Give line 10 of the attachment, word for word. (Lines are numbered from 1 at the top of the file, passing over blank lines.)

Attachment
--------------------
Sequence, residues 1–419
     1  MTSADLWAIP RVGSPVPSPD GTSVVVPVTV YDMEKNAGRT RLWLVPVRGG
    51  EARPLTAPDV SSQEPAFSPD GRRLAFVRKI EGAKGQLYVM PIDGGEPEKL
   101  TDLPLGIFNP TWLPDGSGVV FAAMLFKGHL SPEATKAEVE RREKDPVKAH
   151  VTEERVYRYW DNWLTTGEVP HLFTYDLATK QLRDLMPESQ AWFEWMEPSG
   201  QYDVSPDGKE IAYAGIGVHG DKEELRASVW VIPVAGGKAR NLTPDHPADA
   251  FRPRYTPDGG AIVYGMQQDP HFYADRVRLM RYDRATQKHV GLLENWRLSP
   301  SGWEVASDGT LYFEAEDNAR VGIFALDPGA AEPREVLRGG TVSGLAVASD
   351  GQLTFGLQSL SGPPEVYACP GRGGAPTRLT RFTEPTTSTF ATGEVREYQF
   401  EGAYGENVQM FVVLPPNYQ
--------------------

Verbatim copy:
   401  EGAYGENVQM FVVLPPNYQ